How Big Government And Big Tech Conspire Against Voters

By Kyle Sammin January 15, 2021 The Federalist


Allum Bokhari's book, '#DELETED,' warns of the insidious ties between the incoming Biden administration and the tech oligarchs who want to shape our politics and run our lives.


Until recently, worrying about the power of large corporations was the left’s job. It makes sense. Conservatives have historically been champions of the market, and large corporations have usually stayed out of the culture wars. They once reflected American culture, rather than shaping it. Big government was always the bigger threat to our liberty.


Now, as social media giant Twitter bans the personal account of the president of the United States and even deletes tweets from @POTUS, the account owned by the U.S. government, one is forced to wonder who is more powerful, Washington or Silicon Valley? Twitter, acting in routine combination with Facebook, now claims the power to decide whether the people should be able to read the words of their own government.


Although it was published in September, Allum Bokhari’s prescient book, #DELETED: Big Tech’s Battle to Erase the Trump Movement and Steal the Election, explains how the relationship between corporate power and the American people has changed for the worse. As Big Tech companies have grown to monopoly strength, they have abandoned what pretenses they ever held of neutrality and are now, in Bokhari’s telling, trying to determine the results of the nation’s elections.


Companies typically have profit as their goal. That tends to mean they stay out of politics, reflecting a broad middle ground designed to alienate the fewest people and get business from the most.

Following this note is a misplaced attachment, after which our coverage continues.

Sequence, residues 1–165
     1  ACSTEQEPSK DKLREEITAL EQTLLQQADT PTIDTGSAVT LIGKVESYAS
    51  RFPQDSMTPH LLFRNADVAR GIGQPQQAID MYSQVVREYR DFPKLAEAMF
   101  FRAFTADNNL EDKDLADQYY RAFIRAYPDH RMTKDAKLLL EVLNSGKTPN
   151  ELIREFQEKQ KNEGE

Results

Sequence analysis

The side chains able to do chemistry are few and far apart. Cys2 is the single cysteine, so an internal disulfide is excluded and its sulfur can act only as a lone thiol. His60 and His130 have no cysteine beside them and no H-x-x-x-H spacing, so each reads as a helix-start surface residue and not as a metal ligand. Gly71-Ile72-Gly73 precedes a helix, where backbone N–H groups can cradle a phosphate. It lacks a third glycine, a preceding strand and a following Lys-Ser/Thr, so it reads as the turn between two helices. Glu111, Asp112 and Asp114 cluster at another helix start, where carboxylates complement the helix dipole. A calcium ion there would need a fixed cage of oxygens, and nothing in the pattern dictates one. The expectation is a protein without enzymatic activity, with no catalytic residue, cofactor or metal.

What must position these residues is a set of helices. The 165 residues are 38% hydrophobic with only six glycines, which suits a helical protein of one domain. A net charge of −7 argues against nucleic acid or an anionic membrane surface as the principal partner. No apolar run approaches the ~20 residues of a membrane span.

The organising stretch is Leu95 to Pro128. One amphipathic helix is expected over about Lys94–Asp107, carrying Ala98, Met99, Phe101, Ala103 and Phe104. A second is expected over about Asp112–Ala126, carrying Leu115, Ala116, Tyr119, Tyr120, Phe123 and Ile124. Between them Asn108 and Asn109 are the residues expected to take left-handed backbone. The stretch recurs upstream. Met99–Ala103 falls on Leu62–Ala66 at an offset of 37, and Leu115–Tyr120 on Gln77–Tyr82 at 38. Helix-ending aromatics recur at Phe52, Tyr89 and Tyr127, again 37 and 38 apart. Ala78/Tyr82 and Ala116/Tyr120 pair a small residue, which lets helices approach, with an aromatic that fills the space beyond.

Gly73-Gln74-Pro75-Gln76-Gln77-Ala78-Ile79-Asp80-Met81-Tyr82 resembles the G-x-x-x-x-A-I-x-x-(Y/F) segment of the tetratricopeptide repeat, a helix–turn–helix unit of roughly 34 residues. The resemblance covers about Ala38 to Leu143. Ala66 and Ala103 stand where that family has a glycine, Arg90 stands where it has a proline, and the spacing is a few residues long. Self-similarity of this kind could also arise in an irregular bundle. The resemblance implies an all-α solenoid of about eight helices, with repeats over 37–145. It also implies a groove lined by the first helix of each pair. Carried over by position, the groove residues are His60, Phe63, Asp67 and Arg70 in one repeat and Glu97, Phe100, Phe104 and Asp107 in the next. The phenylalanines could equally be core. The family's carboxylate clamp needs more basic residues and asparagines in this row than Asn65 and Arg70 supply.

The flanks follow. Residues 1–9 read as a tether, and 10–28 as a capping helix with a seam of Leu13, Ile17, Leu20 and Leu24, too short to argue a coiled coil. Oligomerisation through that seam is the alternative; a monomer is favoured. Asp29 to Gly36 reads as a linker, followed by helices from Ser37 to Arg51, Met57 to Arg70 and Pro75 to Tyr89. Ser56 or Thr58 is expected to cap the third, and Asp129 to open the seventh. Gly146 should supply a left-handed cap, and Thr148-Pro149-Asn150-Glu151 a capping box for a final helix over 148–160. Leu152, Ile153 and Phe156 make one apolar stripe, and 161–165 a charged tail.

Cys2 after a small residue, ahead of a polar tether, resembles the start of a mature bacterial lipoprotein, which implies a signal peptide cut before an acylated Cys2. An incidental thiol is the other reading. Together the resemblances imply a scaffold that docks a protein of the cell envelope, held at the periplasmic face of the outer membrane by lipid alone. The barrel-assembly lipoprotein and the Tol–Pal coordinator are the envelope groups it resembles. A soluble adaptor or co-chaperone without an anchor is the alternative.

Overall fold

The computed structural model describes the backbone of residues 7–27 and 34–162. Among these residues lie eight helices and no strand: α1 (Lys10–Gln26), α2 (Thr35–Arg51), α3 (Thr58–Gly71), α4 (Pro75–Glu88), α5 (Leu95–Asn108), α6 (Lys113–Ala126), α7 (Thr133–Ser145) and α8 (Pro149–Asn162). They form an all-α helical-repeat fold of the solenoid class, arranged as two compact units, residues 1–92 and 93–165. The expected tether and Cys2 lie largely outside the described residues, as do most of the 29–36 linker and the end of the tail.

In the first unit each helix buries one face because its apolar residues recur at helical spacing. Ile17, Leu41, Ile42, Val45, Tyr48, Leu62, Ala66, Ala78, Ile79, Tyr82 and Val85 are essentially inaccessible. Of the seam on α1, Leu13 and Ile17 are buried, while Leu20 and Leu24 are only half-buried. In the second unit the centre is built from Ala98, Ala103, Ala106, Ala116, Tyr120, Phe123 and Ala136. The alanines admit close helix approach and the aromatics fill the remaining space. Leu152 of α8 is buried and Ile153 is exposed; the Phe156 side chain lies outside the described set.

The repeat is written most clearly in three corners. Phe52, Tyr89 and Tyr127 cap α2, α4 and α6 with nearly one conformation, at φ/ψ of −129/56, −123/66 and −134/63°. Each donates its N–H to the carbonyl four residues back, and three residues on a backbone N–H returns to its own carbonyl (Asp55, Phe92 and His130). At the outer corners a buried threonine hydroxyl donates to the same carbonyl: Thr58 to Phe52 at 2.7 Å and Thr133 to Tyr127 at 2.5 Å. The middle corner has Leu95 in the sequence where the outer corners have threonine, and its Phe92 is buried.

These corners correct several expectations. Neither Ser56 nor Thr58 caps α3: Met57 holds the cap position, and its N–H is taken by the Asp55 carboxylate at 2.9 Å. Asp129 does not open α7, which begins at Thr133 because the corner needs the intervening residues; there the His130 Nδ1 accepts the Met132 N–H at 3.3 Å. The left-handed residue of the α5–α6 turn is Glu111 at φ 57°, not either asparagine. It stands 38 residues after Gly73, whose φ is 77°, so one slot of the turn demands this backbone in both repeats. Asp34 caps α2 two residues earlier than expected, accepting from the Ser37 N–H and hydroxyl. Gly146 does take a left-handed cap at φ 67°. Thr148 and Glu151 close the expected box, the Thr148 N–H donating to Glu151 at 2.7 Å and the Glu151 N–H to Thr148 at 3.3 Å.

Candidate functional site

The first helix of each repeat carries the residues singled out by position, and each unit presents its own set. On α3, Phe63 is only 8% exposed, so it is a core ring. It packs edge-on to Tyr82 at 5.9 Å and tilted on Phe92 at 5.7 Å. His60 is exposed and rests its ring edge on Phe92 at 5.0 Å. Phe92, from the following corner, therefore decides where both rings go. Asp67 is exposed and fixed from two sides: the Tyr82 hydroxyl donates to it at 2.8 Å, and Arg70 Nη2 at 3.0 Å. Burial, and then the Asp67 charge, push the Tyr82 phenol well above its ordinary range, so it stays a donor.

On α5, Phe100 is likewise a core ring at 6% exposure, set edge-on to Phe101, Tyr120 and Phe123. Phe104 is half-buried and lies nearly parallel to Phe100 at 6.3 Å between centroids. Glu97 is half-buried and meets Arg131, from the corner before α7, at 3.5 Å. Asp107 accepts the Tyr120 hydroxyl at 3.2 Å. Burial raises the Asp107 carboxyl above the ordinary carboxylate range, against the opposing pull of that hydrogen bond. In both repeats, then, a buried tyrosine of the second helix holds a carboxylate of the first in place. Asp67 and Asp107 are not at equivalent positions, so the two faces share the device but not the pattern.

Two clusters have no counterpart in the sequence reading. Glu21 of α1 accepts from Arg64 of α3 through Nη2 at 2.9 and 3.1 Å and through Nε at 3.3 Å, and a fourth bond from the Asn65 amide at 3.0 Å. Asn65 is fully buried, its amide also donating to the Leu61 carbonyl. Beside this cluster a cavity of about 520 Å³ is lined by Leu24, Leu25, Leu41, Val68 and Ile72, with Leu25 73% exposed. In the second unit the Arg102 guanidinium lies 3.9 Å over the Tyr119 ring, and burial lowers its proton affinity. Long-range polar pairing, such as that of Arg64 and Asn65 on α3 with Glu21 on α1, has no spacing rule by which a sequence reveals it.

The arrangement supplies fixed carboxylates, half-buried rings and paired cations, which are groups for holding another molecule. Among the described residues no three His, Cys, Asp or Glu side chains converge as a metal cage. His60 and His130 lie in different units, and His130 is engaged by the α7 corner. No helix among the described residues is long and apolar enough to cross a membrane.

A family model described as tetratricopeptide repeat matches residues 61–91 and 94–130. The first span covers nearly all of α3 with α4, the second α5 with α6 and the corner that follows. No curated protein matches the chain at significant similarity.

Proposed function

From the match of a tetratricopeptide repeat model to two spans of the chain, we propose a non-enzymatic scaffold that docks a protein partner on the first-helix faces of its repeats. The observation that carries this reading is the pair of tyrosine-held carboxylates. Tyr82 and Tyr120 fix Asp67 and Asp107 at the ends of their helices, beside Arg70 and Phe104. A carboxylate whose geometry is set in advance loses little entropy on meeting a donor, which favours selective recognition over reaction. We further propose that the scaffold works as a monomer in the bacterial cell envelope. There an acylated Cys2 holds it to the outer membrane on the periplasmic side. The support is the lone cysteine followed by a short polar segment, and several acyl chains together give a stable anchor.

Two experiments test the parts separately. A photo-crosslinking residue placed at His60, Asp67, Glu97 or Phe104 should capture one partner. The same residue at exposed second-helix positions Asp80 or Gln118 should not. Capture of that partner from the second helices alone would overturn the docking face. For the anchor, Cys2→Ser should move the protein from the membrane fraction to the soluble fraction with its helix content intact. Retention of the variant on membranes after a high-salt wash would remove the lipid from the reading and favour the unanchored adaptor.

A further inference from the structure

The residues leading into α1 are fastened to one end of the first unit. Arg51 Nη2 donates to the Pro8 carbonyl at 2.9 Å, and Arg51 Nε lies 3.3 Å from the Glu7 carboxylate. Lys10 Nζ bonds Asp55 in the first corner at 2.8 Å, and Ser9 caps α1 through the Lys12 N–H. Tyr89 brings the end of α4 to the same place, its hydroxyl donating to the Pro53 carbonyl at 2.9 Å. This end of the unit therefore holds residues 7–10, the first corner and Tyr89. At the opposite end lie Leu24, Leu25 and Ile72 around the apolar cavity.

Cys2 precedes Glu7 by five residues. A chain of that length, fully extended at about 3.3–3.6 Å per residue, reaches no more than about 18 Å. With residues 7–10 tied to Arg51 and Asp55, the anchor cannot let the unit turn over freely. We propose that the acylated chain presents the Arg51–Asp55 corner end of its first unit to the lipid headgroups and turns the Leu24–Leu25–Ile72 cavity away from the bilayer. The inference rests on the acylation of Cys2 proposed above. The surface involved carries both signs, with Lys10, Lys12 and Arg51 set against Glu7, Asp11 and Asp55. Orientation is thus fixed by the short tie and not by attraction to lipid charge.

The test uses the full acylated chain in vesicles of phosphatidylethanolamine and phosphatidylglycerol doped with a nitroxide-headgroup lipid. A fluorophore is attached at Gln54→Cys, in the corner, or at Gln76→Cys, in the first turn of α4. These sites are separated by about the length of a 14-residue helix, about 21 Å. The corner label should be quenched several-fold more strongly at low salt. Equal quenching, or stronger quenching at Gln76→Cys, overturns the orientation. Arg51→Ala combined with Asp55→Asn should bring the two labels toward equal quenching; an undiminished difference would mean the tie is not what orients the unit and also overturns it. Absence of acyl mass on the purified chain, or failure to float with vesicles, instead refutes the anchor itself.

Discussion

But the customers of Facebook, Twitter, and Google are not you; you and your personal data are their product. Their customers are the advertisers to whom they sell that data. That, combined with their internet oligopoly, creates weird, never-before-seen incentives. They have no need to care about your opinion. Instead, they will use their power to shape it.


The Revolving Door

Bokhari lays out the rise of Big Tech in 16 briskly paced chapters, beginning with the close relationships between tech leaders and the wing of the Democratic Party concentrated in New York, Los Angeles, and Silicon Valley. There has always been a revolving door between industries and the branch of government that regulates them, but the growth of government regulation, coinciding with the consolidation of power in a few left-leaning constituencies, elevated the practice to a high art.


During Barack Obama’s term of office, Bokhari found that 55 employees from Google alone joined the administration, while 197 government employees left to join Google. Other tech companies could not compete with Google’s numbers, but the pattern was the same. And it still is. Kamala Harris’s brother-in-law is Uber’s top lawyer. Her former press secretary is a senior communications manager at Twitter. A former senior counsel in her Senate office is now a lobbyist for Amazon. The list goes on.


The revolving door is not, as was once the case, an expedient alliance between regulator and regulated that, if morally fraught, at least makes business sense. The Big Tech-Big Government alliance is different. They have the same goals—molding people into a more leftist mindset—and share a common culture. Young, highly educated, wealthy, and above all liberal, they all hold a similar vision for the country and the world, one often at odds with American tradition and history.


That convergence of vision is not necessarily a conspiracy. For many, it is likely the predictable result of living in a bubble. If nearly all of the people you talk to and work with every day hold similar views, it is natural to believe they represent a majority of the country. People who hold contrary opinions seem weird and aberrant.


For more culturally isolated people, any variance from their version of the mainstream is bizarre, even sinister. It becomes hard to imagine and benign motive for disagreement. Those who do become a threat to be converted or, failing that, isolated and made irrelevant.


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